Kansas State head coach Bill Snyder is stepping into retirement, again. After a report from The Mercury in Manhattan, Kansas State has officially announced Snyder’s retirement.
“Coach Snyder has had an immeasurable impact on our football program, Kansas State University, the Manhattan community and the entire state of Kansas, and it has been an honor and a privilege to get to know and work with him the past two years,” said Athletics Director Gene Taylor. “He and his family have touched the lives of so many people, from student-athletes, coaches, staff and fans, and he is truly one of the greatest coaches and leaders in college football history. His impact on college football is unmatched and legacy is one that will last a lifetime.”
Snyder began his lengthy coaching career in 1962 as an assistant at Gallatin High School in Missouri. His first job in college came in 1966 as a graduate assistant at USC. After holding a couple of high school jobs in California, Snyder returned to the college game for good in 1974 as an offensive coordinator for Austin College. After two years, Snyder became an assistant coach at North Texas from 1976 through 1978. From there, it was on to Iowa to be the offensive coordinator and quarterback coach in 1979. After a decade with the Hawkeyes, Snyder received his first college head coaching job at Kansas State in 1989. After initially retiring from the Wildcats in 2005, Snyder returned to take on the job in 2009 following the dismissal of Ron Prince.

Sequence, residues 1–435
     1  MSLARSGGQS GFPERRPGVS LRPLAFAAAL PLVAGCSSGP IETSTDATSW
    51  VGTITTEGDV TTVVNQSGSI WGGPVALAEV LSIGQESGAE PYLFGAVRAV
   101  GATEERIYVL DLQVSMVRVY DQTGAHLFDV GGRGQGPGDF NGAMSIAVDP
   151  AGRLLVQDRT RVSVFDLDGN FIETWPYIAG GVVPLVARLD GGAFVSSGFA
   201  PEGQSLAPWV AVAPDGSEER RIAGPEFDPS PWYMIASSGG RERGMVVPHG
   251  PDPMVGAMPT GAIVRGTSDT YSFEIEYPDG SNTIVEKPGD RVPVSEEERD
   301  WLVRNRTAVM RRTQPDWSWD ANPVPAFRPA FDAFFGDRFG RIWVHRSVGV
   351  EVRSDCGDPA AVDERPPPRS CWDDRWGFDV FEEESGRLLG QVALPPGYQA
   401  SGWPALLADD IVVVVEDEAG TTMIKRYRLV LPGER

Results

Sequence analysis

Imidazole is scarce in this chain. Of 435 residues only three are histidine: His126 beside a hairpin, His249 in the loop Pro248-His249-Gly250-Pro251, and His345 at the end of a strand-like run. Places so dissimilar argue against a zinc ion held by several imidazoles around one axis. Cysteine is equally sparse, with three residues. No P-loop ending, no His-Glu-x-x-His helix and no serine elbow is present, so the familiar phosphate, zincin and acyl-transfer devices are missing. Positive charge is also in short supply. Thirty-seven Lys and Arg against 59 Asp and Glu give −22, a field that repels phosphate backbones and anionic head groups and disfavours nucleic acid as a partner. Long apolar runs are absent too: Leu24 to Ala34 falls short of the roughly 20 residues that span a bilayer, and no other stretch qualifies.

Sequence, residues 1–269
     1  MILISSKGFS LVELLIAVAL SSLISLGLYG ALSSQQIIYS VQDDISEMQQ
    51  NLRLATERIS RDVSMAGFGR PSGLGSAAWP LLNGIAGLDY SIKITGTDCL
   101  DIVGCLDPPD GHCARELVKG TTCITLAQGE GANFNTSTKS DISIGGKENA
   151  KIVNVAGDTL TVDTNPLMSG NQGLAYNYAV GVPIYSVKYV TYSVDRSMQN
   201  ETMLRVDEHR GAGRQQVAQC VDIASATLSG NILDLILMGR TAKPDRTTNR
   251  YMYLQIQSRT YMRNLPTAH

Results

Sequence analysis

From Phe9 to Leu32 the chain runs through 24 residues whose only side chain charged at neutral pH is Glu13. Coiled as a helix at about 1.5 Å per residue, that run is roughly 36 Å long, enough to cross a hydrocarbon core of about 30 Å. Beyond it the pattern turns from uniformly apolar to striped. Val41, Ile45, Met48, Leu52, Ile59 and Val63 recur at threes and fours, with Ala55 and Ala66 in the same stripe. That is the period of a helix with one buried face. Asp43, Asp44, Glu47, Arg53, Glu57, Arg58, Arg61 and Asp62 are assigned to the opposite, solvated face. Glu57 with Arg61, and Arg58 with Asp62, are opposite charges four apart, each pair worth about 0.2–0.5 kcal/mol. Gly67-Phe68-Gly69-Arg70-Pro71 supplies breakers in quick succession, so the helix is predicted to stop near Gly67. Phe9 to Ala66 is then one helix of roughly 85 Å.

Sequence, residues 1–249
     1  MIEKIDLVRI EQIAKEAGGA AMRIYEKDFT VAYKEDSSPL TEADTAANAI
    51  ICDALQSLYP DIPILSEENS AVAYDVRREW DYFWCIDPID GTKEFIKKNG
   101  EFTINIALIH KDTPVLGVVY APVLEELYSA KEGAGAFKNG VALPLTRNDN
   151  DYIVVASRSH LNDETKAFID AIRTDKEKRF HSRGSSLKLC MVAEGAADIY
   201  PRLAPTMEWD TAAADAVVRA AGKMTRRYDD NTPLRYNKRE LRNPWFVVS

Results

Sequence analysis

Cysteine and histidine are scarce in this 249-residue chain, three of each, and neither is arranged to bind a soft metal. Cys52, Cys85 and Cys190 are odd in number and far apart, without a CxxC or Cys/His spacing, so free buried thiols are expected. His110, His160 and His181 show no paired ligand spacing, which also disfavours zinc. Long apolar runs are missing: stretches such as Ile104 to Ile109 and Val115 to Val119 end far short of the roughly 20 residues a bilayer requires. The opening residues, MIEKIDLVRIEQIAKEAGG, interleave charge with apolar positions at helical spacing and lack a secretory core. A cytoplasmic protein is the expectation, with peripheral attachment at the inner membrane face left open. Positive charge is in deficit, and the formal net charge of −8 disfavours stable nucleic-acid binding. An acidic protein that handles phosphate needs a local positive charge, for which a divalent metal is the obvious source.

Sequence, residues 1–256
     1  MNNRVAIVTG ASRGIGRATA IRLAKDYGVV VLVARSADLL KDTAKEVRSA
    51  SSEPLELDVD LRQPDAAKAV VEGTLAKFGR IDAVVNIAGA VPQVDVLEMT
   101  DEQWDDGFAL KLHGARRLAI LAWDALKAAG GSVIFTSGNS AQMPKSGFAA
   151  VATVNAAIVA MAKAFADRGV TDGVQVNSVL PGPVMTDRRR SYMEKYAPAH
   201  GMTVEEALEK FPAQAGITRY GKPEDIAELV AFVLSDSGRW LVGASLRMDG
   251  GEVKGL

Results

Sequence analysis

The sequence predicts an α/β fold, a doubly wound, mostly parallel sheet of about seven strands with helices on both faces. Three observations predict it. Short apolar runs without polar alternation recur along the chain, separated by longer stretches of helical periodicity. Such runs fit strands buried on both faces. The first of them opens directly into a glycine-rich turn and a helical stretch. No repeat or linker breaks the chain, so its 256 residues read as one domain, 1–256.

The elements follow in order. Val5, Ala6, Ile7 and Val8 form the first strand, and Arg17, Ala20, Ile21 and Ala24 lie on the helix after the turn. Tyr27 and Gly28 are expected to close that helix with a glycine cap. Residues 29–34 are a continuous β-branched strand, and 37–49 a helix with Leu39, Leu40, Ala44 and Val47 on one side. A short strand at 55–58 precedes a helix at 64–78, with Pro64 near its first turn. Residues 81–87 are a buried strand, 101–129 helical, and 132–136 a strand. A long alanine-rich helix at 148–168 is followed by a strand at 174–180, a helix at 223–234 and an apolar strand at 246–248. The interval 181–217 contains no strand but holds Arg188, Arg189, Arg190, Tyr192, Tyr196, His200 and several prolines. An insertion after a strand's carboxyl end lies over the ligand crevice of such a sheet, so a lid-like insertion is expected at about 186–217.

Snyder will officially retire with an all-time record of 215-117-1, which includes a record of 128-89-1 with Kansas State’s football program between two stints from 1996 through 2005 and 2009 through 2018. Kansas State finished a season ranked in the top 25 a total of 13 times under Snyder with a couple of national title contenders mixed in that collection. Kansas State won two Big 12 championships under Snyder, in 2003 and 2012, and a total of four Big 12 North Division titles. Snyder was a three-time Big Eight Coach of the Year prior to the formation of the Big 12, and he won four additional Big 12 coach of the year honors as well as a handful of national coach of the year honors over the years. Snyder was inducted to the College Football Hall of Fame in 2015.